Gold Kit Kat Chocolate Bar

Kit Kat Bar Wrapped with Gold Leaf

Each hand-made bar comes with a hand-made wooden box and is selling for 2,016 Yen (about US$ 16.70). A limited quantity of 500 will be sold in all the stores in Japan.

Are You at Risk for Osteoporosis?

Catherine Winters wrote . . . . .

If you’ve been told you have osteopenia, or lower than normal bone density, here’s what you need to know.

Osteoporosis, or bone thinning—a condition that can lead to serious spine or hip fractures—affects more than 10 million people in the U.S., most of them women, according to the National Osteoporosis Foundation.

But what about those who don’t quite hit the diagnostic mark for full-blown osteoporosis? That’s the case for some 43 million Americans, who have been told they have osteopenia—bone density that’s lower than normal.

To diagnose osteoporosis you need to undergo a bone density test. You have the condition if that test shows your “T-score”—which is determined by comparing your bone density with that of a healthy young adult of your gender—is less than -2.5, according to the National Institutes of Health. You have osteopenia if your T-score is between -1.0 and -2.5.

You’re more likely to have osteopenia if you’re a postmenopausal woman, you’ve broken a bone, you have rheumatoid arthritis, you smoke or consume a lot of alcohol, or used corticosteroid drugs like prednisone for at least three months.

Will You Develop Osteoporosis?

Having osteopenia does put you at an increased risk for osteoporosis. But most of the time, osteopenia doesn’t progress to osteoporosis.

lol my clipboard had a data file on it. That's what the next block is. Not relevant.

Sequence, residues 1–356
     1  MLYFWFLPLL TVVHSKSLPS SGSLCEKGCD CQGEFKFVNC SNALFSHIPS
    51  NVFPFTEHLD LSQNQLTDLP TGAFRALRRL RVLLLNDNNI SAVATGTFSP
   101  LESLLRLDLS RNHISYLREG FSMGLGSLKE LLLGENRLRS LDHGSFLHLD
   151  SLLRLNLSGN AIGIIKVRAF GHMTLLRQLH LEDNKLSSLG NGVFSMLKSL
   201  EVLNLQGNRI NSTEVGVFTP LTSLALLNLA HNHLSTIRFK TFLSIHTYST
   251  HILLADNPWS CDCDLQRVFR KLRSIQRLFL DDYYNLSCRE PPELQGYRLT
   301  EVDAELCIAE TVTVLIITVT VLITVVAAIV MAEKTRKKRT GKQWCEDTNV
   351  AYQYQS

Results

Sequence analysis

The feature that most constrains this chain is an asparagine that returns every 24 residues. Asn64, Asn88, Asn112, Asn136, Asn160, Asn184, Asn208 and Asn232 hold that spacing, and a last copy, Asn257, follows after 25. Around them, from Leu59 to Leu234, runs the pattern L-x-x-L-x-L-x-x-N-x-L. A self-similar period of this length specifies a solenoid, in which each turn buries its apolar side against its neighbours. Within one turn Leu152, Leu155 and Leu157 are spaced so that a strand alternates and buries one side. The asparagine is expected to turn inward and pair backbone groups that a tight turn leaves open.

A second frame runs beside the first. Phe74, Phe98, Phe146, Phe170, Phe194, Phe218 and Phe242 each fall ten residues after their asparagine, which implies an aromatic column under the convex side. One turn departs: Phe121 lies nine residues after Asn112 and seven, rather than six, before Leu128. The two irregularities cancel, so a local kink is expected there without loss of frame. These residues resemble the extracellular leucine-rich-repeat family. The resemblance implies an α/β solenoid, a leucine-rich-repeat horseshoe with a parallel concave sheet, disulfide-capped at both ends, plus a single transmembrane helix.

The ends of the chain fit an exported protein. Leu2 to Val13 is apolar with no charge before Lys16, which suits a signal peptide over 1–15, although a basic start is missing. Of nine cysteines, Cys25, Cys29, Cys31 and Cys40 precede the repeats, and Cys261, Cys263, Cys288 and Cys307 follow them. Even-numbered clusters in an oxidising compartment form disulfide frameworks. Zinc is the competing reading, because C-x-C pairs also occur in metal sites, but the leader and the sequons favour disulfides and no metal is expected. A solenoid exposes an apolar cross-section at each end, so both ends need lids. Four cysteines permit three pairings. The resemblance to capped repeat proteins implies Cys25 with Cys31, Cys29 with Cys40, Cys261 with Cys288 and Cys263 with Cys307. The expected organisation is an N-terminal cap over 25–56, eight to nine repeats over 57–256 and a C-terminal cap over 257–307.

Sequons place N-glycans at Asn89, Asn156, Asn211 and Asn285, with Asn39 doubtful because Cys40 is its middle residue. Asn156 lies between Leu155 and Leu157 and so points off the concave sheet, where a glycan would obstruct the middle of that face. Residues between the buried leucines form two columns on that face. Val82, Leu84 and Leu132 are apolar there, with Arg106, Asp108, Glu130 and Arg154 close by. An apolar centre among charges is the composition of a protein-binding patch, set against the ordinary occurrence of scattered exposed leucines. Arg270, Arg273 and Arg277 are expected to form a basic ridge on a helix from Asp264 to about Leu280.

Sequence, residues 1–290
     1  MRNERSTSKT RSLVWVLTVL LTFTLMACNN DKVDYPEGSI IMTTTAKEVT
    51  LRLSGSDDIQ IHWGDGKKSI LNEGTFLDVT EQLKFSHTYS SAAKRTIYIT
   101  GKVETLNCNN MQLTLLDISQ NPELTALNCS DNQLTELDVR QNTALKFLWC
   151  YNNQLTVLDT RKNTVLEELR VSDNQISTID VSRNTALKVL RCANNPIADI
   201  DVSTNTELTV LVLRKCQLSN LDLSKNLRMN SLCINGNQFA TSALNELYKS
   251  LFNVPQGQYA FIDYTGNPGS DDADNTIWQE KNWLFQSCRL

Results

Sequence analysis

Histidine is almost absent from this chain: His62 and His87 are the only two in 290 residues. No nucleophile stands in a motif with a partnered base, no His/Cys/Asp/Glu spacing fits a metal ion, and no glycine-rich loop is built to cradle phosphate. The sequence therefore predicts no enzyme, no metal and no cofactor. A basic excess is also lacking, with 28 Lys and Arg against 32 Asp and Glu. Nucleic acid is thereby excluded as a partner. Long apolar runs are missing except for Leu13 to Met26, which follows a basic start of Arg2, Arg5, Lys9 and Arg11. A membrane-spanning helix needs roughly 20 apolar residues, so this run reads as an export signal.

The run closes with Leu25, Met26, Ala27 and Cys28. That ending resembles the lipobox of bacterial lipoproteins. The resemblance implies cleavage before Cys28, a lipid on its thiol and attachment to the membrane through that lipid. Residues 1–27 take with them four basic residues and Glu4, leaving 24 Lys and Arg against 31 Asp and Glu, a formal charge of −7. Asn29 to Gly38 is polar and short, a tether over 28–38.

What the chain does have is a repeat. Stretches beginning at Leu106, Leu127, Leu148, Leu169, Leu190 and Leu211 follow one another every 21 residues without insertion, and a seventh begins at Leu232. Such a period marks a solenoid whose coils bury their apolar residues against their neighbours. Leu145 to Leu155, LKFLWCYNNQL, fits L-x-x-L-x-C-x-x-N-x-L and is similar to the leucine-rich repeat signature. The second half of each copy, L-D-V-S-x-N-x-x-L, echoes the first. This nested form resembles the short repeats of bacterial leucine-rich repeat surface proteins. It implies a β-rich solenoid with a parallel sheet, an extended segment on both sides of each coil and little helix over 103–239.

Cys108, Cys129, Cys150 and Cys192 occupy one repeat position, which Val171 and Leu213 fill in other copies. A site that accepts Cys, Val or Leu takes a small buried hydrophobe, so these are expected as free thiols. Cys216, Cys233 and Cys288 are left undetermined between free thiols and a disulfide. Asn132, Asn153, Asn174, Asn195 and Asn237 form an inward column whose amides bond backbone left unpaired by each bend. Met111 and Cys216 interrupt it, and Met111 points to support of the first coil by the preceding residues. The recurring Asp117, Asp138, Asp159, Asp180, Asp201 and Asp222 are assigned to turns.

Less than 10 percent of postmenopausal women with mild osteopenia develop the condition within 15 years, less than 10 percent of women with moderate osteopenia develop it within five years, and less than 10 percent of women with advanced osteopenia progress to osteoporosis within one year, according to a 2012 study in the New England Journal of Medicine.

Most of the time, no treatment for osteopenia is needed other than diet and lifestyle changes. The evidence that osteoporosis drugs like alendronate (Fosamax and generic) help during this stage is inconsistent. Instead, consider a repeat bone scan after several years. (In some cases, such as when older adults have already had fall-related fractures, those with osteopenia may benefit from medication.) An online fracture risk-assessment tool called FRAX may help your physician assess whether or not you need medication. (But note that risk calculators have potential shortcomings.)

Bone-Saving Strategies

Our medical experts recommend a baseline bone-density scan (known as a DEXA scan) at age 65 for women (and earlier if you have risk factors such as those above). Men who are age 70 and older may want to talk with a doctor about the risks and benefits before deciding whether to be screened. (Read more about when you need to get your bone density measured, and when you don’t.)

“In general, I think it’s a good idea for women with any risk factors to have a bone-density test as they go through menopause,” says Felicia Cosman, M.D., senior clinical director at the National Osteoporosis Foundation and a professor of medicine at the Columbia University Medical Center in New York City.